"Kebyar" in Balinese means "flash, burst" and in music describes dynamic and sudden changes in volume and tempo. The name kebyar duduk is derived from the way in which the dance is performed: the dancers movements are almost all completed while in an almost seated position (duduk). Duduk actually is a Malay-Indonesian word; in Balinese it is "negak", but the dance never incorporates this word. [8] It is classified as a "bebancihan" (androgynous) dance, as opposed to "halus" ("refined") dances of heroic male and female characters such as Rama and Sita, and the keras ("strong") forms such as the baris warrior dance.[9]


A dancer completing his spinning movements.

Generally, the kebyar duduk dance is performed by a single male dancer, though his make-up makes him appear almost androgynous.[8] He wears a 5-metre (16 ft) long piece of fabric (kamben), which is decorated with a gold-painted pattern known as a prada.[8][9] His accessories and headgear (the latter known as an udeng) are golden and shimmering; because of this, and the traditional designs in these accessories, the writer Kartika Suardana characterizes them as giving an "extra exotic traditional effect". In his right hand, the dancer holds a fan.[8]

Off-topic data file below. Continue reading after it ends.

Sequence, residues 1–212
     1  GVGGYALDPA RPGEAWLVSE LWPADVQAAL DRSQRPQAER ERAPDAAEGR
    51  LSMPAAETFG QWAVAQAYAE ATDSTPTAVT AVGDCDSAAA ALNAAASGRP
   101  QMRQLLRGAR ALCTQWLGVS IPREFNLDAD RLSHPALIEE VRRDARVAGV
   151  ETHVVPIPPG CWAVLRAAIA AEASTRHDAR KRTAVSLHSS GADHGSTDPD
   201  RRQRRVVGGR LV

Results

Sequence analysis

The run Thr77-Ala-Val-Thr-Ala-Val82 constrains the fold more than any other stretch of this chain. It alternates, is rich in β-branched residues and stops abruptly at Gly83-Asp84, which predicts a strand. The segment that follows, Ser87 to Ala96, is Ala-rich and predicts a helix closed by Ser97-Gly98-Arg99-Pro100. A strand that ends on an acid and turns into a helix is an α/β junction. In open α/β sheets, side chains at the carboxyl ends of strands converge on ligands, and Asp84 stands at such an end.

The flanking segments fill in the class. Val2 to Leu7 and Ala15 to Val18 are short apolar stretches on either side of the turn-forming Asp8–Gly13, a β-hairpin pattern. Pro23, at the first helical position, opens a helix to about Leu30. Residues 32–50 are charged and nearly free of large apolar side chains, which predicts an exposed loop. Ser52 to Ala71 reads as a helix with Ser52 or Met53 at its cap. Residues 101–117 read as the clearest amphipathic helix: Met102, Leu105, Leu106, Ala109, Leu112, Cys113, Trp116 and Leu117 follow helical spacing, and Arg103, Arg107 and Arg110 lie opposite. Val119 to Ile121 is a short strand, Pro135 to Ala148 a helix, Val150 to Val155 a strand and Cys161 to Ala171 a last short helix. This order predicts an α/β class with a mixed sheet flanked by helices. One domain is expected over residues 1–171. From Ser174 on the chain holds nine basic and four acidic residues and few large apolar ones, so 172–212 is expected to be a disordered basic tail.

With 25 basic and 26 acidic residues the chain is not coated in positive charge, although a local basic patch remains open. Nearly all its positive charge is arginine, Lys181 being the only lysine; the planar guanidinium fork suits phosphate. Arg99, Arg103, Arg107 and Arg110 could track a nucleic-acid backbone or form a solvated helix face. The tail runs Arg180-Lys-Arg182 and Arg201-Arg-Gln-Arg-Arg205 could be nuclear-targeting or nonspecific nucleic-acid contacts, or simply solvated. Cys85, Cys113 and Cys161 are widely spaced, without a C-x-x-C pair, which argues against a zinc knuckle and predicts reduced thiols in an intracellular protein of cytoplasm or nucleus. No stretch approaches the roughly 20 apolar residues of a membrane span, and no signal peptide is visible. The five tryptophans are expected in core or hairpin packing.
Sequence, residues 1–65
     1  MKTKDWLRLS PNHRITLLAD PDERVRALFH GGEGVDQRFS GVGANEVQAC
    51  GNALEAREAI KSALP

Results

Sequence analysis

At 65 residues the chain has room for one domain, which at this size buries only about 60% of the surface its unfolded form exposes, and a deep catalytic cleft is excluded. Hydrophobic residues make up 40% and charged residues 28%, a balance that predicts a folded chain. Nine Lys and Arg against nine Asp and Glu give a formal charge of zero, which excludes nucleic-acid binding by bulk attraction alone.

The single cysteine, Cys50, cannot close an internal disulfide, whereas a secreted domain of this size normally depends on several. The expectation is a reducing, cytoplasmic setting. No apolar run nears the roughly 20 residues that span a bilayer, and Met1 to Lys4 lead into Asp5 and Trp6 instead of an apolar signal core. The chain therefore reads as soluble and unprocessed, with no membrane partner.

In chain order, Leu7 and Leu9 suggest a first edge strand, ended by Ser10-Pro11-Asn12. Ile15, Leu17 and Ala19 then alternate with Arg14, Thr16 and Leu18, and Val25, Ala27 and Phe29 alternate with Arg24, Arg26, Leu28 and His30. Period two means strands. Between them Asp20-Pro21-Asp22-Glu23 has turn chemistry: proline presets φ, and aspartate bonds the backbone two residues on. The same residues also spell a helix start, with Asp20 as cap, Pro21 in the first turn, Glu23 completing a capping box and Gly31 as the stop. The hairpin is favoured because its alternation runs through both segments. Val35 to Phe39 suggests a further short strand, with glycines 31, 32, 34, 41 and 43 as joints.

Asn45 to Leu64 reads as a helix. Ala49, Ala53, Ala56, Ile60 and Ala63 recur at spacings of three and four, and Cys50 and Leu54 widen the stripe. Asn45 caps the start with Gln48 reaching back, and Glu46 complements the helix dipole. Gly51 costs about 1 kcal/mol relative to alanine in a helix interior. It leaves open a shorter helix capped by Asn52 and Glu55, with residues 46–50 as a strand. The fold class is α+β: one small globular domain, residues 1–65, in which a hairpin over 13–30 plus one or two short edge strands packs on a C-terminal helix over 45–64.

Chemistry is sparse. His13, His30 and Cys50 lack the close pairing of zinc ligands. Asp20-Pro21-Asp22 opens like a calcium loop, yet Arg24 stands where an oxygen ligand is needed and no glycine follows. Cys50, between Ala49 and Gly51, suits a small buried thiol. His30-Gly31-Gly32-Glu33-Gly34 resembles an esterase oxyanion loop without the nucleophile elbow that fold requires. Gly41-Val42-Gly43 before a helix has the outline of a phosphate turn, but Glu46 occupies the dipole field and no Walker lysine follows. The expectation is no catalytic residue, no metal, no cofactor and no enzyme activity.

During the performance, the dancer is mostly seated or half-seated, at times taking a cross-legged squatting position.[2][10] At times, fan in hand, the dancer will spin around in circles without standing. His eyes are very active, conveying a wide range of emotions, which can range from coquettish to bashful to angry over the course of routine.[2] This dance is, however, purely interpretative, and not intended to convey a story.[10]

The music is played with fast, complex rhythms and striking sounds.[2] The musicologist Michael Tenzer characterizes the relationship between the drummer in the gamelan troupe and the dancer as almost a type of contest. The drummer, while beating out a tempo of four beats per minute, must also respond quickly to the dancer's cues by signalling the other members of the gamelan troupe. The dancer, meanwhile, must send his cues (flourishes known as angsel) in a fixed relation to the metre of the music. [11] Towards the end of a performance, however, the drummer and dancer may engage in a sort of duet, seeming to struggle for control of the music.[12]